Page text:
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Berlin, Capital of the Federal Republic of Germany, is located at the heart of Europe and also, after EU enlargement in 2004, at the centre of the European Community. With about 3,400,000 inhabitants, Berlin is the largest City in Germany. It is 38 kilometres long and 45 kilometres wide and covers an area of 889 square kilometres. In the middle of the Brandenburg region, the city occupies the flatlands on the banks of the Havel and Spree rivers and is criss-crossed with numerous canals.

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Since the fall of the Iron Curtain, no city in Europe has seen more development and change. Two Berlins that had been separated for almost 30 years struggled to meld into one, and in the scar of barren borderland between them sprang government and commercial centers that have become the glossy spreads of travel guides and architecture journals. After successfully uniting its own east and west, Berlin, as the German capital and one of the continent's great cities, now plays a pivotal role in a European Union that has undertaken the same task.

But even as the capital thinks and moves forward, history is always tugging at its sleeve. Between the wealth of neoclassical and 21st-century buildings there are constant reminders, both subtle and stark, of the events of the 20th century. For every new embassy and relocated corporate headquarters, a church stands half-ruined, a synagogue is under 24-hour guard, and an empty lot remains where a building either crumbled in World War II or went up in dynamite as East Germany cleared a path for its Wall. In the chillier months, the scent of coal wafts through the trendy neighborhoods of Prenzlauer Berg and Friedrichshain, where young residents who fuel the cultural scene heat their unmodernized apartments with coal stoves.

Compared to other German cities, Berlin is quite young and, ironically, began as two separate entities in 1237. The Spree River divided the slightly older Cölln on Museum Island from the fishing village Berlin. By the 1300s Berlin was prospering, thanks to its location at the intersection of important trade routes. After the ravages of the Thirty Years' War, Berlin rose to power as the seat of the Hohenzollern dynasty. The Great Elector Friedrich Wilhelm, in the almost 50 years of his reign (1640-88), touched off a renaissance by supporting such institutions as the Academy of Arts and the Academy of Sciences. Later, Frederick the Great (1712-86) made Berlin and Potsdam his glorious centers of the enlightened yet autocratic Prussian monarchy.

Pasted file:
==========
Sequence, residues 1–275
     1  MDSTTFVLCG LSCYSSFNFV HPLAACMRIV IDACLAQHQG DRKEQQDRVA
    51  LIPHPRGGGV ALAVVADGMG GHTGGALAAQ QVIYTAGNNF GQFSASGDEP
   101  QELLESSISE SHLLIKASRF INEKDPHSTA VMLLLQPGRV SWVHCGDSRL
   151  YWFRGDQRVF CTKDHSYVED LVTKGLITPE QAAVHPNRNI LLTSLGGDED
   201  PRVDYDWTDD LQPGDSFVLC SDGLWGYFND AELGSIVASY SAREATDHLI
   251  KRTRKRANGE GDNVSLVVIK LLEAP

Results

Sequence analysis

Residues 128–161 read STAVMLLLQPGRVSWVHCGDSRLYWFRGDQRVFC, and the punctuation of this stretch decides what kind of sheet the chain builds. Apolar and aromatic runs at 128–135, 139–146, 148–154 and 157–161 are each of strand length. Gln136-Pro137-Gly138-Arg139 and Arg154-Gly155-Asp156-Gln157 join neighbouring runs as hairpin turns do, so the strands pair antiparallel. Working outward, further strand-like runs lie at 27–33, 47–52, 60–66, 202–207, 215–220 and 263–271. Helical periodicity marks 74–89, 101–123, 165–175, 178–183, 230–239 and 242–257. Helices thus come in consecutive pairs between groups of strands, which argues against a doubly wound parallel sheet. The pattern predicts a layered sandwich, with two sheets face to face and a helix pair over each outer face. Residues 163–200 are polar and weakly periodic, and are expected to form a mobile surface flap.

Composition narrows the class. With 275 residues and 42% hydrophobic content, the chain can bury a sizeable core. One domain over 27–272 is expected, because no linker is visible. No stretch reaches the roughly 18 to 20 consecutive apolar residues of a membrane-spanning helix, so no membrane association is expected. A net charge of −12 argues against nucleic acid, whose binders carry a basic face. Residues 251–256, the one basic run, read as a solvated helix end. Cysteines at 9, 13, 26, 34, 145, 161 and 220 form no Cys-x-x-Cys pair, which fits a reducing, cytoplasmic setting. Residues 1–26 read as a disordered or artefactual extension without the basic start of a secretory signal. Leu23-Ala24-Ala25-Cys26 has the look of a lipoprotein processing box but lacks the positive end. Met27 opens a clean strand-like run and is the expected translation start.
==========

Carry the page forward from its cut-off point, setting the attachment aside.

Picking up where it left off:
In 1871 Prussia, ruled by the "Iron Chancellor" Count Otto von Bismarck, unified the many independent German states into the German Empire. Berlin maintained its status as capital for the duration of that Second Reich (1871-1918), through the post-World War I Weimar Republic (1919-33), and also through Hitler's so-called Third Reich (1933-45). The city's golden years were the Roaring '20s, when Berlin, the energetic, modern, and sinful counterpart to Paris, became a center for the cultural avant-garde. World-famous writers, painters, and artists met here while the impoverished bulk of its 4 million inhabitants lived in heavily overpopulated quarters. This "dance on the volcano," as those years of political and economic upheaval have been called, came to a grisly and bloody end after January 1933, when Adolf Hitler became chancellor. The Nazis made Berlin their capital but ultimately failed to remodel the city into a silent monument to their power. By World War II's end, 70% of the city lay in ruins, with more rubble than in all other German cities combined.

Along with the division of Germany after World War II, Berlin was partitioned into American, British, and French zones in the west and a Soviet zone in the east. By 1947 Berlin had become one of the Cold War's first testing grounds. The three western-occupied zones gradually merged, becoming West Berlin, while the Soviet-controlled eastern zone defiantly remained separate. Peace conferences repeatedly failed to resolve the question of Germany's division, and in 1949 the Soviet Union established East Berlin as the capital of its new puppet state, the German Democratic Republic (GDR). The division of the city was cruelly finalized in concrete in August 1961, when the East German government erected the Berlin Wall, the only border fortification in history built to keep people from leaving rather than to protect them.

For nearly 30 years Berlin suffered under one of the greatest geographic and political anomalies of all time, a city split in two by a concrete wall—its larger western half an island of capitalist democracy surrounded by an East Germany run by hard-line Communists. With the Wall relegated to the pile of history (most of it was recycled as street gravel), visitors can now appreciate the qualities that mark the city as a whole. Its particular charm has always lain in its spaciousness, its trees and greenery, and its anything-goes atmosphere. Moreover, the really stunning parts of the prewar capital are in the historic eastern part of town, which has grand avenues, monumental architecture, and museums that house world treasures.

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